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Top Eight Things to Remember During a Cybersecurity Crisis

July 1, 2022

On Friday, June 17, 2022, the Center for American and International Law’s 57th Academy of American and International Law welcomed attorney Shawn Tuma; Mark Michels, Santa Clara University School of Law; and Micah Skidmore, Haynes and Boone; to lead a cyber breach crisis workshop. Jessica Lee and Haley Stevers, 2022 Summer Associates at Spencer Fane, were also present to help facilitate the event.

Each year, the Academy gathers lawyers from more than twenty countries to study United States law and various international business transactions issues such as international arbitration and litigation, intellectual property, cybersecurity, human rights and business, and negotiations. Since 1964, the Academy has gathered over 3,300 lawyers from 121 countries to learn from some of the greatest teachers and practitioners of international law in the United States.

In the workshop, each participant was assigned a corporate leadership role and asked to spot the issues throughout various stages of a cybersecurity crisis.

Below are the top eight takeaways from the workshop:

  1. Nobody thinks that this is going to happen to them. It is better to prepare for an event that never happens than to be unprepared when an incident occurs. Cyber issues affect everyone.
  2. Prepare your incident response team now. Practice is key. If the chief decision makers have never met before a data breach occurs, the response may not be executed with the highest degree of confidence.
  3. Save money by learning how to “speak” insurance. Understanding the intricacies of insurance can mean money in your pocket in the event of disaster. Learning what the insurance companies require and getting the proper coverage will save both time and money.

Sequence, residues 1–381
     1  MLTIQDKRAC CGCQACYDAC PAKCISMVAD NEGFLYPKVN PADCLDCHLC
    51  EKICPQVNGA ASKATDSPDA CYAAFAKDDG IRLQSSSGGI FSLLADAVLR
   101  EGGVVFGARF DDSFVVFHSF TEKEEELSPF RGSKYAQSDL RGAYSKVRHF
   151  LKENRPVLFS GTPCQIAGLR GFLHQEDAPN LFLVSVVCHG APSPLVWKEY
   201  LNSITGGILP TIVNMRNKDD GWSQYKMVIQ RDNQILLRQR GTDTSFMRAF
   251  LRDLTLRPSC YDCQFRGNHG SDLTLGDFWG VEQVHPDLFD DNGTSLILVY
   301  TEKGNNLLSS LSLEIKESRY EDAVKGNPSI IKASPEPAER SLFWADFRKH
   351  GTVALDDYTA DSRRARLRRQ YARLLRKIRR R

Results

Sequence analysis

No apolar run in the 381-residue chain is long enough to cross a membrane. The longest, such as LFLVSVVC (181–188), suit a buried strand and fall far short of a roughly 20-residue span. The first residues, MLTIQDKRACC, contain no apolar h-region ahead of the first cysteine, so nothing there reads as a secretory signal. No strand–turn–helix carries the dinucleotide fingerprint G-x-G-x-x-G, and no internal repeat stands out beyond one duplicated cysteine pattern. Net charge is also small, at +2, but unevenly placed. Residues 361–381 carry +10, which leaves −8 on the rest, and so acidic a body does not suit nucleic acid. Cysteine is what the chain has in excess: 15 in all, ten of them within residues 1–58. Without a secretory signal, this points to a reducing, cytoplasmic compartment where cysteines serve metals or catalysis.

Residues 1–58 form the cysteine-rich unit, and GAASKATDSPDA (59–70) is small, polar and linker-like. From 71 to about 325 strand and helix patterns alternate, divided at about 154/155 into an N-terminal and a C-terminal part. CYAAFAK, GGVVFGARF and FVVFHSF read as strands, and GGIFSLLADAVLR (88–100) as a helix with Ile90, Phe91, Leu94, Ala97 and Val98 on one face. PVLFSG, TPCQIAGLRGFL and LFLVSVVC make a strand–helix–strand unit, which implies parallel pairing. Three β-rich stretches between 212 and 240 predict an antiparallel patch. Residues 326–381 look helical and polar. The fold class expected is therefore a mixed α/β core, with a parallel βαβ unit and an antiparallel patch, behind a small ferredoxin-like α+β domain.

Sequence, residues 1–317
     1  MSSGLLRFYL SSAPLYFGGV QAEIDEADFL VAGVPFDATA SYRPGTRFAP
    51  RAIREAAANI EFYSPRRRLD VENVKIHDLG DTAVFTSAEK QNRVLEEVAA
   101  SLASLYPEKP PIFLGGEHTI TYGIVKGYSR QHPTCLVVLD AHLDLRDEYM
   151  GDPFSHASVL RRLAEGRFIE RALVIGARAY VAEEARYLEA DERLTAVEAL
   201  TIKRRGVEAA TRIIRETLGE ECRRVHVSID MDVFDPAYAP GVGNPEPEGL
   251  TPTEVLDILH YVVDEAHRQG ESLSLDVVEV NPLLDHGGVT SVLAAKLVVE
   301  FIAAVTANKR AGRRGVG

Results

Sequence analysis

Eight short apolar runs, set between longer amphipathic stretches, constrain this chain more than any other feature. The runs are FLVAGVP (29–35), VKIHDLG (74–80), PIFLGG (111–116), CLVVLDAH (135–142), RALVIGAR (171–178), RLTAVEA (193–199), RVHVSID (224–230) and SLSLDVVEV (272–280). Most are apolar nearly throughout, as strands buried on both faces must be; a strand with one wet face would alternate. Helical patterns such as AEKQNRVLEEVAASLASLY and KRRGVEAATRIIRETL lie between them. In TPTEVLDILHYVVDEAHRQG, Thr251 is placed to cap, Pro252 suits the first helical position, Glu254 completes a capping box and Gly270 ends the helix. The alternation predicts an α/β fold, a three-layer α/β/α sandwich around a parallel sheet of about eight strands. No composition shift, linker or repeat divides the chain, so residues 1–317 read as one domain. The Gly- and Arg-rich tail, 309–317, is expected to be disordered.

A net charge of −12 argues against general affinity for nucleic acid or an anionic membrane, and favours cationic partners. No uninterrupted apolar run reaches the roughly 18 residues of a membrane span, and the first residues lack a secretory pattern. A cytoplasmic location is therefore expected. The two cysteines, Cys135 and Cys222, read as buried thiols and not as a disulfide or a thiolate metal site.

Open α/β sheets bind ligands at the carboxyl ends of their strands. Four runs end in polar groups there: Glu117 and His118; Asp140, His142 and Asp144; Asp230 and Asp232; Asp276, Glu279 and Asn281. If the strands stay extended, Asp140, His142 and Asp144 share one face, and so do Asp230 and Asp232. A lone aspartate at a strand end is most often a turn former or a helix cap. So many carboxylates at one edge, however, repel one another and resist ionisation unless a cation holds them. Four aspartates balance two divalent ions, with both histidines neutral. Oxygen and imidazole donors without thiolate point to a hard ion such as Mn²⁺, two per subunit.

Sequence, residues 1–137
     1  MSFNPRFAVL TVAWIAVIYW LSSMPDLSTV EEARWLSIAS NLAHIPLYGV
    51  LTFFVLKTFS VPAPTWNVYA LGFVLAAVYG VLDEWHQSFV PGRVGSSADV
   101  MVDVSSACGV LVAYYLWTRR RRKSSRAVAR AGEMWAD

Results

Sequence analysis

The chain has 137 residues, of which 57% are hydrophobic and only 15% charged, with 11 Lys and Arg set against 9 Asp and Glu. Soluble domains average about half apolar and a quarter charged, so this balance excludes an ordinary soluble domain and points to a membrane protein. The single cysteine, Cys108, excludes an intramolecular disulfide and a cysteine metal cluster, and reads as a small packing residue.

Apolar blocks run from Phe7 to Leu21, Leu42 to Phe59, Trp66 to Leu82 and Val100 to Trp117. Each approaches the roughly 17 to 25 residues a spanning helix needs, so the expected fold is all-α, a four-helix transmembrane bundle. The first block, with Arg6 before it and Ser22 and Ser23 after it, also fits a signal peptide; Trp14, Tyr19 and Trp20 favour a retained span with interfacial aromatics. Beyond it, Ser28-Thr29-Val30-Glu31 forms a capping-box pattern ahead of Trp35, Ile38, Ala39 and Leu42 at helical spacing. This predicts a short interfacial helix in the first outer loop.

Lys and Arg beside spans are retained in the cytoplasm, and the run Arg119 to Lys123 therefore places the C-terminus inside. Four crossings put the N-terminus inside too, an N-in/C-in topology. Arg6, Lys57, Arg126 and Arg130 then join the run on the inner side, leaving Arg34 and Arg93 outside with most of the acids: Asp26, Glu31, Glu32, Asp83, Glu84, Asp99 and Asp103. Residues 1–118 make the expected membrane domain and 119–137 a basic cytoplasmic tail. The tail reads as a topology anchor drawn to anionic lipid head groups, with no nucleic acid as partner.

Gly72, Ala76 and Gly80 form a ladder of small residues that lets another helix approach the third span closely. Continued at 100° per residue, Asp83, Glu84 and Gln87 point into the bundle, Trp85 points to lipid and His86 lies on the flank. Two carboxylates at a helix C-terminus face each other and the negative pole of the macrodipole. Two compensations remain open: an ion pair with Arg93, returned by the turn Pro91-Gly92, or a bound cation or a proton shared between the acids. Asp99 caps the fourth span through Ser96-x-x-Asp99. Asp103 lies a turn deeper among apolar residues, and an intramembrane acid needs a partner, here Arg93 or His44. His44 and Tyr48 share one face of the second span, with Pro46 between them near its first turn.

4. Remain calm. Measure your response. Shutting down operations is often drastic and unnecessary. Determine what really happened before making any decisions or talking to third parties. You want to ensure that you are the true source of the data leakage before you respond.
  5. Be careful when using the term “data breach.” “Data breach” has a very significant legal meaning that requires immediate action and implicates various reporting requirements. Consider using the term “incident” or “event” until the breach is confirmed.
  6. Logistics is key. As General Omar Bradley famously said, “Amateurs talk strategy. Professionals study logistics.” Many of the cybersecurity issues that businesses deal with today can be avoided with early planning, and logistics is the most important part of preparation.
  7. Attorney-client privilege does not always apply. Information communicated with outside professionals may fall under attorney-client privilege if they were hired by attorneys as consultants to the case. However, information disclosed to law enforcement or perhaps even an insurance carrier is not likely privileged
  8. Don’t forget to fly the plane. Protecting the company is the top priority for crisis response. If the company goes out of business, then the crisis response was futile.

This blog post was drafted by Jessica Lee and Haley Stevers, 2022 Summer Associates at Spencer Fane. For more information, visit